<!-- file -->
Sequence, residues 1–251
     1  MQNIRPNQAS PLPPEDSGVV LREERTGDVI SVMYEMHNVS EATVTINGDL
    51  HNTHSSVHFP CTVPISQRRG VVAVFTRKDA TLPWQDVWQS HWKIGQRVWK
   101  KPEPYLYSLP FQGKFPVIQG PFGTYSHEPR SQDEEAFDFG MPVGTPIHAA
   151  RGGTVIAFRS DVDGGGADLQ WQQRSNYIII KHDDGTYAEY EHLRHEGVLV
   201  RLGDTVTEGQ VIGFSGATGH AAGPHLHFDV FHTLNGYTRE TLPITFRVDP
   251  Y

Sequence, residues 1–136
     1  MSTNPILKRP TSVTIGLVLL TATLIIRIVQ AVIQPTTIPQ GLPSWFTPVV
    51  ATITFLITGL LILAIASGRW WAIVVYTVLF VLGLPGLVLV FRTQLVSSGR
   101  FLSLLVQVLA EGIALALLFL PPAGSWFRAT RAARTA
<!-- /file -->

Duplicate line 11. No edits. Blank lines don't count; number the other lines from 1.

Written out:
   101  FLSLLVQVLA EGIALALLFL PPAGSWFRAT RAARTA